The steel and concrete of Lower Manhattan comes alive every day during rush hour, when gray suits pulse through subway tunnels and the city's arteries get choked with street vendors, construction workers and other folks hustling to make a living. Now that a bunch of rabble-rousers have occupied the neighborhood, the workers who form Gotham's backbone are starting to reclaim their turf as well.
It may be too early to draw parallels between the Occupy Wall Street protests at Zuccotti Park (aka Liberty Plaza) and their antecedents in Tahrir Square and Madison. But the movements suggest a general trajectory of grassroots organizing: a spark of protest led by younger activists, followed by the support of labor organizations, bringing up the rear and then moving to the fore.
By Wednesday, the Village Voice reported that the historically militant Transport Workers Union had voted to back, and provide food and services to, the Occupy Wall Street movement. In a video recorded during an evening protest, TWU Local 100 member Christine Williams declared, "The people have finally woke up. And we're here and we're staying and we're not going anywhere."
TWU spokesperson Jim Gannon told the Voice: " A motion was brought up to endorse the protests' goals; I don't know why it took us so long to do it." Better late than never, the union says it now plans to amass on the afternoon of October 5 and march to Zuccotti Park.
Other labor-oriented solidarity actions have been undertaken by professors at the City University of New York affiliated with the Professional Staff Congress union (of which this author is also a member). Their group, Solidarity with OWS, is organizing a demonstration against police abuse this Friday afternoon. (Other notable lefty academic allies include Frances Fox Piven, Christian Parenti, and Stanley Aronowitz.)
According to Crain's New York Business, local unions are collaborating with community-based groups such as Make the Road New York, Coalition for the Homeless and Community Voices Heard -- all organizations that are in daily contact with the struggles of the city's poor and working-class.
The city's doormen, security guards and maintenance worker see common ground with the occupation, too. The Huffington Post reports that their union, SEIU 32BJ, said that a planned October 12 rally would embrace the current protests' theme:
"The call went out over a month ago, before actually the occupancy of Wall Street took place," said 32BJ spokesman Kwame Patterson. Now, he added, "we're all coming under one cause, even though we have our different initiatives."
The General Assembly, a proudly amorphous body that is helping coordinate the demonstrations, has set up a Labor Support and Outreach Working Group, which, according to September 29 meeting minutes posted to the Assembly's website, has encouraged protesters to join a demonstration of the Communication Workers of America nearby. Organizers are reportedly gearing up "to carry out a very creative direct action in support of the phone workers."
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The convergence between the Wall Street occupation and labor activism may escalate in the coming days amid a standoff between New York Governor Andrew Cuomo and public sector workers. The statewide Public Employees Federation just voted narrowly to reject a five-year contract that would have staved off layoffs at the expense of higher healthcare costs and wage freezes. On Tuesday, union president PEF Brienyen told reporters that when members saw the concessions demanded of them, "The sacrifices were too great, and they said, 'Enough is enough.' "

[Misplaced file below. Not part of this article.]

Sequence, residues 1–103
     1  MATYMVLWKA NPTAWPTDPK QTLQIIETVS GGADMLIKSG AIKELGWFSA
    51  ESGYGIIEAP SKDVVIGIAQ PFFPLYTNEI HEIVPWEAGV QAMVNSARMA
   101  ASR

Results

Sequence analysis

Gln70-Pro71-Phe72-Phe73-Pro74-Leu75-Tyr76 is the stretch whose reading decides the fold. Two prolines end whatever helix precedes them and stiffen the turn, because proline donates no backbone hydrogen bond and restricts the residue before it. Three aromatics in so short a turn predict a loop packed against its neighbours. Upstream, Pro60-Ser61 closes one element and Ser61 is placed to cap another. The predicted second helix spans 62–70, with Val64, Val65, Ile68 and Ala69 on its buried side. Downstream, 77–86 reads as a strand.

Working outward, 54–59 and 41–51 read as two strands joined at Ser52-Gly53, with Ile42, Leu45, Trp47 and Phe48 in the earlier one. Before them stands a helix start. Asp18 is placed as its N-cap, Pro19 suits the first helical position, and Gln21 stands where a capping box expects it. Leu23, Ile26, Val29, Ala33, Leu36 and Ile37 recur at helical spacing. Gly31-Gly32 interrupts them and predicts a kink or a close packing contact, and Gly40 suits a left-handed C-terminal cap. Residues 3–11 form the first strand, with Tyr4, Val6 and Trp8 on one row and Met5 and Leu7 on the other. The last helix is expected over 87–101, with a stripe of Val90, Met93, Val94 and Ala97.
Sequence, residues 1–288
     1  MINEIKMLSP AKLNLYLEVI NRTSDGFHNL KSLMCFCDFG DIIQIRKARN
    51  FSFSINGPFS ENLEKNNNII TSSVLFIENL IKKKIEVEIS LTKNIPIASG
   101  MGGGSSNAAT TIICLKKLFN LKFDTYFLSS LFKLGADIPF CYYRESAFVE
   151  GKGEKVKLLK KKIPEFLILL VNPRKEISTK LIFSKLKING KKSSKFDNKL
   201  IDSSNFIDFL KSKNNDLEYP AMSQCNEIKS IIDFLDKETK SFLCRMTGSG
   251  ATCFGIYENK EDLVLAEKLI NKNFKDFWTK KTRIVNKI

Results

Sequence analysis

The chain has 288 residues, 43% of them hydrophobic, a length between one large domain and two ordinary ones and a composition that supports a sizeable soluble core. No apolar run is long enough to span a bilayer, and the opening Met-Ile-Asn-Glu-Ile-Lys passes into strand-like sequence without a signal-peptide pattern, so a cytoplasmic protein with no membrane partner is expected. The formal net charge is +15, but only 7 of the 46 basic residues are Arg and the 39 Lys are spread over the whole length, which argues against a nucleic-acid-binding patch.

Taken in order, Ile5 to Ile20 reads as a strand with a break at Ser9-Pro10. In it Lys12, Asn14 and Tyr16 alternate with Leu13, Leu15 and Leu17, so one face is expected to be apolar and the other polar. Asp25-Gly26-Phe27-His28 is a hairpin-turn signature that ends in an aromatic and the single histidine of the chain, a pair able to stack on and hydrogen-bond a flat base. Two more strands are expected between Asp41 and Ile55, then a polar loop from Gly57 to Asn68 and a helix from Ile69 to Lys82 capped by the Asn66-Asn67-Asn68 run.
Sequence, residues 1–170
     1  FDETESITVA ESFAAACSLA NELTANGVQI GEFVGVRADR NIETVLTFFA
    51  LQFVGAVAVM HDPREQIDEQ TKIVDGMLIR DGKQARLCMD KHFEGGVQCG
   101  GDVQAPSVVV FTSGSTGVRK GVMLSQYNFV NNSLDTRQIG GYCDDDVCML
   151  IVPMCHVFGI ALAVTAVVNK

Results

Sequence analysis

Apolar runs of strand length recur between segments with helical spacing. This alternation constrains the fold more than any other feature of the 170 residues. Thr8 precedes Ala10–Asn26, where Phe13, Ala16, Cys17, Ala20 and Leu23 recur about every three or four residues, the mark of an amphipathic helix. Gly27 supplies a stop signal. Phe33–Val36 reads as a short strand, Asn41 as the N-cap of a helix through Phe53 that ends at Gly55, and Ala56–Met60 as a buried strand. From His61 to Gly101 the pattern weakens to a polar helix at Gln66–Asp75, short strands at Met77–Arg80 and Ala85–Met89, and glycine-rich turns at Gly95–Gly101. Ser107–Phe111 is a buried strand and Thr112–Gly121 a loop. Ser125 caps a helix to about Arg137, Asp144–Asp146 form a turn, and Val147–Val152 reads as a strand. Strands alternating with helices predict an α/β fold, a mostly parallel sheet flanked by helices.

That axiom would fit nicely among the panoply of anticapitalist slogans that protesters have displayed in Downtown Manhattan, proclaiming "People over Profit" and "Heal America, Tax Wall Street."
As sister campaigns emerge in other areas under the banner of "Occupy Together," the Wall Street actions could serve as a kind of petri dish for future protest tactics, building on the occupational groundwork laid by smaller demonstrations, such as a recent encampment at City Hall to protest budget cuts, and a Wall Street protest in May that drew union support from 1199 SEIU and the United Federation of Teachers.
As ITT's Akito Yokishane reported, the lifeblood of the protests has been the young and the frustrated. But the occupation also represents swelling resentment across all sectors of society -- covering expressly the 99 percent of us who are getting screwed and shafted by corporate moguls and, more tragically, our own elected representatives.
Yet the proactive anger has been building in the labor movement far from Wall Street. An editorial by the Socialist Worker points to protests in recent months -- by longshoremen in Washington, striking hospital workers in California, and the groundbreaking Verizon strikers -- as signs of new "fighting mood" among the rank and file:
Workers haven't yet prevailed in all of these struggles, nor will all of them win in the future. But what unites these fights is the activism and solidarity on display, despite a hostile corporate media and aggressive employers.
Labor's new sparks of resistance are proof positive that the defiant spirit of the battle in Wisconsin last winter wasn't a flash in the pan, but a sign that growing numbers of working people are rediscovering their capacity to struggle. After decades of a one-sided class war, the fightback has begun.
Whether organized labor is finally catching up to youth activists, or the young occupiers are at last rekindling an older legacy of mass resistance, the cross-fertilization of movements is underway. Don't ask the diverse alliance to state their agenda -- the movement is organically structured, with no formal "list of demands" yet, and that's part of the fun. Not everyone came to Wall Street knowing exactly what they wanted, but everyone there today knows they've had enough, and that they're not the only ones.